Despite the progress, Jubba flights might still be rougher than what the average traveler is accustomed to. Although no passengers died, Jubba must be discounting in its record an April 2012 instance when a pilot flipped a plane on its side after dodging a stray goat on a runway in the north central city of Galkayo. Internet reviewers and bloggers have lambasted the safety of Jubba and other domestic carriers. One particularly colorful account by British-Somali journalist Hamza Mohamed of a flight from Mogadishu to the southern seaport of Kismayu, Somalia’s third largest city, is probably enough to dissuade any potential Somali air traveler:
As with many domestic flights in Somalia, there are more passengers than available seats. If you don’t literally grab a seat on the plane, you’ll stand for the whole journey despite having paid for a seat.
I was lucky to be one of the first to get on the plane. Seats filled up fast and 25 unlucky passengers were left standing in the aisle.
Most of the seats on this plane were faulty. They had no seat belts and reclined 180 degrees if you touched them. Each passenger had to hold the seat in front of them with both hands. If we didn’t, the seat and the passenger in it would be in our laps during take-off.
I should mention that there were no cabins to store our possessions in. Everyone held their bags on their laps. If there’s a child on your lap – which will most likely be the case if you’re flying during the high season — then you leave your bag in the aisle. If there are passengers standing in the aisle, you have no other option but to hold your luggage over your head until you land.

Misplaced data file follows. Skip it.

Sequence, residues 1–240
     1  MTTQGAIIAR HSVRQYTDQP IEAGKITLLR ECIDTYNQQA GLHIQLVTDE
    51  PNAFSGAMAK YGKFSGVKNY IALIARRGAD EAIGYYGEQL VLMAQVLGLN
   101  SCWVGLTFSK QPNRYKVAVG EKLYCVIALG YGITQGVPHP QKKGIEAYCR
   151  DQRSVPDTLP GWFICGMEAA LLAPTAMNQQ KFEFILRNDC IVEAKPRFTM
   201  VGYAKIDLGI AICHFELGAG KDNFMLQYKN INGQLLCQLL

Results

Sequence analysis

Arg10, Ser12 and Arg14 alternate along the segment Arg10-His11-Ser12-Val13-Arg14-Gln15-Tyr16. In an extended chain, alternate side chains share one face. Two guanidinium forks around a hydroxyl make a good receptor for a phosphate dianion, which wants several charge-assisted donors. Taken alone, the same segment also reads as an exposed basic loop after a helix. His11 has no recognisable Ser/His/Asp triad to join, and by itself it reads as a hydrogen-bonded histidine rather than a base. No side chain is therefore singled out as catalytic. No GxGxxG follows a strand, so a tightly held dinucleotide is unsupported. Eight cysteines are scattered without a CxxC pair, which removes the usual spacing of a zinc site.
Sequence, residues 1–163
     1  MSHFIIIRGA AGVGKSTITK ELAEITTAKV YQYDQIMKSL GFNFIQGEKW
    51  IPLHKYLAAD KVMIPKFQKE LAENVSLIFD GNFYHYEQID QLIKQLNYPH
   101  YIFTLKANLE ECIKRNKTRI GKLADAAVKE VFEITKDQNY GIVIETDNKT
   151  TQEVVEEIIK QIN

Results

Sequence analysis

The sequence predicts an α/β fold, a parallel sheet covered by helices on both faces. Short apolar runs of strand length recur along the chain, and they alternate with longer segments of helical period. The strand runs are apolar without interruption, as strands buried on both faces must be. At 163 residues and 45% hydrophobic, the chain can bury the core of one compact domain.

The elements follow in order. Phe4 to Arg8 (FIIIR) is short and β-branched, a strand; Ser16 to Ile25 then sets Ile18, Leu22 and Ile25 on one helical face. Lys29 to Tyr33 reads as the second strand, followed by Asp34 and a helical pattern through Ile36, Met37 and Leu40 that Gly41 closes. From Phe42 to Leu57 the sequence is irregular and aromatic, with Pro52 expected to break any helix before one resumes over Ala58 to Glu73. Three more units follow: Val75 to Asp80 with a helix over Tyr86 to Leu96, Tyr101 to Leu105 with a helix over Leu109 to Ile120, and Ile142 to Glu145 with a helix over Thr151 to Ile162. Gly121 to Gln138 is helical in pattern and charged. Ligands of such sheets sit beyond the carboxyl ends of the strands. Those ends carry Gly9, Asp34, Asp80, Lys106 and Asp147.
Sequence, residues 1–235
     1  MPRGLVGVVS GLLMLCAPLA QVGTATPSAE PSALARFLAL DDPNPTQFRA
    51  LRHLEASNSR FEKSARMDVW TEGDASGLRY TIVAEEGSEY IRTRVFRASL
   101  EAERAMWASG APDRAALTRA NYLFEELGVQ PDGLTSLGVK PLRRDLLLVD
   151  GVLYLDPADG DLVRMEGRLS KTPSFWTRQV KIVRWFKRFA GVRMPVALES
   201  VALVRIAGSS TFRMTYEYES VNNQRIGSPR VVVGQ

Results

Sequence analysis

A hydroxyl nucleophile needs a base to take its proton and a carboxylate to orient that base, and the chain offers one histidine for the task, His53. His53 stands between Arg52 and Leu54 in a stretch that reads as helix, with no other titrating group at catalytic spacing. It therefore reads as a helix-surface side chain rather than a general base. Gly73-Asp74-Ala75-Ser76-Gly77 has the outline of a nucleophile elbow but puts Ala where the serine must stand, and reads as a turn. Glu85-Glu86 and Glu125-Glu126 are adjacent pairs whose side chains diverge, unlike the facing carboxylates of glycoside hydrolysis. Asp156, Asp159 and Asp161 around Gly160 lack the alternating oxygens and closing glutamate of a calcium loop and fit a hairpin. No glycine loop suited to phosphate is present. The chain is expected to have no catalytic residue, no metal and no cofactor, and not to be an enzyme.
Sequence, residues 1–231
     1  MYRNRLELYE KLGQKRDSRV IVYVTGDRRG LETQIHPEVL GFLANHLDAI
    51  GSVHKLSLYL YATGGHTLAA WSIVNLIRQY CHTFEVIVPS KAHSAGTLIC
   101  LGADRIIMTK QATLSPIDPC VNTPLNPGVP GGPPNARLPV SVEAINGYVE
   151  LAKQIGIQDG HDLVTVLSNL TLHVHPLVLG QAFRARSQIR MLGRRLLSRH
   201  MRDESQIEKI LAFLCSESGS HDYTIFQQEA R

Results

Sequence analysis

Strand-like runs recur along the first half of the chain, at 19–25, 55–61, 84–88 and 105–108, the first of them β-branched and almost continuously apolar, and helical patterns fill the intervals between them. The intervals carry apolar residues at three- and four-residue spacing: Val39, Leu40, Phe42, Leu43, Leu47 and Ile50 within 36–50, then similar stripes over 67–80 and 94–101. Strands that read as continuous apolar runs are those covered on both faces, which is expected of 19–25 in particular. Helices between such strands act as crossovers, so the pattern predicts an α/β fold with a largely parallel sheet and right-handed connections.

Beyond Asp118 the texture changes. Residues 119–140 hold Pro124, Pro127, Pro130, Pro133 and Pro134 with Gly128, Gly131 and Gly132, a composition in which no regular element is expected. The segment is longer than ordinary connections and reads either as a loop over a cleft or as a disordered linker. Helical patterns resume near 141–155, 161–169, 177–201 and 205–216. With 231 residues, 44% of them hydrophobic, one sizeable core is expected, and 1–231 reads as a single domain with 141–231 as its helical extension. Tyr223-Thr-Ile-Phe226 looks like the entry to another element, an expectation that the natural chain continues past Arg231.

Still, the capital investment involved in building out a reliable railway or roadway system—outfitted with heavily armored security checkpoints—that weaves through Somalia’s hostile grasslands and deserts far outweighs the cost and risk of running a reasonable plane-taxi service.
But as with any enterprise in Somalia, the airline industry will have to adapt to emerging threats as it continues to grow. Though Jubba’s director claims that al Shabaab hasn’t hassled the airline since it resumed service to Mogadishu in 2006 because “we are not involved in politics, we are working for the people,” that notion of relative safety seems to be unraveling in recent weeks after a spate of attacks in the capital.
The site of the car bombing and ensuing gunfire last Friday was close toMogadishu’s airport. And al Shabaab’s purported twitter account, @HSMPRESS1, noted that fact, writing, “The location of the attack is not very far from the recently-attacked
#UNDP base, along the stretch of road that connects KM4 to the airport.” About a week ago, the account delighted in the emergency landing of Somali President Hassan Sheikh Mohamud at Mogadishu, after his plane encountered engine trouble en route to South Sudan. The organization gleefully tweeted, “The apostate president had a lucky escape and is to hold a press conference shortly. He was struck close by invisible soldiers of Allah.”
Praise for the entrepreneurial spirit of Jubba and other Somali air carriers taking obvious risks to provide domestic transport is certainly deserved. However, in a country where airline tickets are reserved for the elite, violence is the norm, and basic infrastructure is lacking, one can only hope that soon another innovator of equal savvy will emerge, and that industries on Somalia’s ground will start to see as much success as those in its skies.
Ryan Jacobs writes for and produces The Atlantic’s Global and China channels.